Published on May 28th, 2020 | by Daniel Sherman Fernandez0
How Much Is A 1969 Nissan Skyline 2000GTR Today
Have you seen one on our roads lately?
The prices for some retro Japanese speed machines have gone to almost insane levels which are making retro German cars looking rather less attractive in the collector’s market.
The slow rise in demand for these classic speed machines were somewhat quiet until the last 3-4 years and today they are more in demand than an air cooled Porsche 911. Yup, the asking prices of the classic 911 has somewhat slowed down the past year and cars like the Datsun 240Z and the Toyota 2000 GT have taken podium positions.
Surprisingly this ‘change in consumer taste’ started in North America and then filtered slowly to United Kingdom and now it is going global as middlemen visit far locations to find ‘barnyard’ retro Japanese cars and restoring them for healthy profits. Of course the Japanese themselves are having a good time selling their units and many are starting to turn up in Australia and Hong Kong.
One retro Japanese car that has hit ‘silly’ asking price levels is the 1969 Skyline. This unassuming 4-seater commuter looking machine is in high demand today with collectors as it was mostly sold in Japan only.
It all started in 1964 where Datsun engineers looked at combining a lengthened Skyline body with the larger Datsun Gloria’s 6-cylinder engine, the car proved itself at the Japanese Grand Prix sweeping 2nd through 6th behind a Porsche 904. The car continued on to be a successful race car, nearing 50 consecutive wins in the 18 months it was actively campaigned and so began a performance dynasty and a legendary nameplate which continues to this day.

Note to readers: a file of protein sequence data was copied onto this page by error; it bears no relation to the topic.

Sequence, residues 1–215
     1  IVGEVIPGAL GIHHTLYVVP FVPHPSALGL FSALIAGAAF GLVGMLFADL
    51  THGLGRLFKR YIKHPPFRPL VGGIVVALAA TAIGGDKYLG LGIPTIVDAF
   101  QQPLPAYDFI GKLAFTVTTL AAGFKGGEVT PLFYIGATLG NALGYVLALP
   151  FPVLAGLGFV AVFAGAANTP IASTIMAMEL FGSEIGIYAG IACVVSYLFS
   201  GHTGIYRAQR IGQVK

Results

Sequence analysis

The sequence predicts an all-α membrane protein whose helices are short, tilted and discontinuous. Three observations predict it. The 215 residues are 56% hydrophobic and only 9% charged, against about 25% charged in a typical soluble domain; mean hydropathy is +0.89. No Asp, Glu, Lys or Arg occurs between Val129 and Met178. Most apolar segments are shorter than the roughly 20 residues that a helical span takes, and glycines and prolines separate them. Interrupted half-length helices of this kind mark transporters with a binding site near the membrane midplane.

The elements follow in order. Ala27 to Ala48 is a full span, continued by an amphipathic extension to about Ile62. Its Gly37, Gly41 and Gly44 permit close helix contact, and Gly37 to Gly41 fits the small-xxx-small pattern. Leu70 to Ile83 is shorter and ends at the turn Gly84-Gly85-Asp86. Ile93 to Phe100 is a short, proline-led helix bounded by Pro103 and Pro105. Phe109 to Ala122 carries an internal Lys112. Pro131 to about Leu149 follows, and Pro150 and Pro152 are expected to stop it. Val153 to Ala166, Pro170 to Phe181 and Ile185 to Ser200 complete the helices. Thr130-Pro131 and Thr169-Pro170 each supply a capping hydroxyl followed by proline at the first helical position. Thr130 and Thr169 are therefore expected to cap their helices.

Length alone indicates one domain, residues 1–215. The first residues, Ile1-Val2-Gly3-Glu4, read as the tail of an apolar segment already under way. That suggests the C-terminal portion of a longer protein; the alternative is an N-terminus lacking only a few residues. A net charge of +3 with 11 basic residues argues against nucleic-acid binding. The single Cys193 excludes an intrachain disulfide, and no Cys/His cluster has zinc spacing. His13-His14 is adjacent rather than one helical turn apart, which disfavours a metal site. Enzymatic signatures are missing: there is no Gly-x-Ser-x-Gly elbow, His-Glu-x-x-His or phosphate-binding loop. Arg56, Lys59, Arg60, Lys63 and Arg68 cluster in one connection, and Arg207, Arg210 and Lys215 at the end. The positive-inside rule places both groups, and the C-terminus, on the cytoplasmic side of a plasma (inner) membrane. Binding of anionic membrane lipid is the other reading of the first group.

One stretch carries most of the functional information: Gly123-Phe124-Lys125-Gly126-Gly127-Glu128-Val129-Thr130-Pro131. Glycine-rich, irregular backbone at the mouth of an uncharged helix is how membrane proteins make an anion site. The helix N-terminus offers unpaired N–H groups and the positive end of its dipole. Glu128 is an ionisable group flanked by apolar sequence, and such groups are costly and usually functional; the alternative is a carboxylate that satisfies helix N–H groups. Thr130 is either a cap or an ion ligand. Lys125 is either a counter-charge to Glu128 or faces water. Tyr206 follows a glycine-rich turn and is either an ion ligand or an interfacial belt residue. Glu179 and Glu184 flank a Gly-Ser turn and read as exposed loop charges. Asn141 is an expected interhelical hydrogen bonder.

Then, Datsun combined its best technologies and produced “Skyline 2000GT-R”. Launched in February 1969, this was the first Skyline to wear the GT-R badge after merging with a car company called Prince Motors, Ltd. “GT-R” was a high performance car produced for touring car races.
The know-how for prototype race car “R380” was filled in an ordinary looking sedan body*. Mounted was the 4-valve DOHC engine re-engineered from the one for R380 to suit production cars.
It made a debut and won at “JAF GP” in May 1969, 3 months after the rollout. Since then, it kept winning until it attained 52 victories before the Nissan works team withdrew in October 1972. It was famous for its top speed of 200km/h and its ability to cover 400m from a standing start in just 16.1 seconds.
On a recent trip to Japan we managed to capture these images of this legendary sports car in showrooms condition neatly parked next to its lesser siblings.
We have yet to see a unit running in Malaysia but have been told that a handful of cars were imported in a few years ago and sold to collectors. These cars have yet to be seen and maybe some of you reading this might have caught sight of them on the road.
It is truly surprising for us to see what buyers are willing to pay for this car. In Japan there are units for sale from USD70,000 to as high as USD88,000 (RM335,000 to RM385,000 before local taxes and delivery charges). See picture below.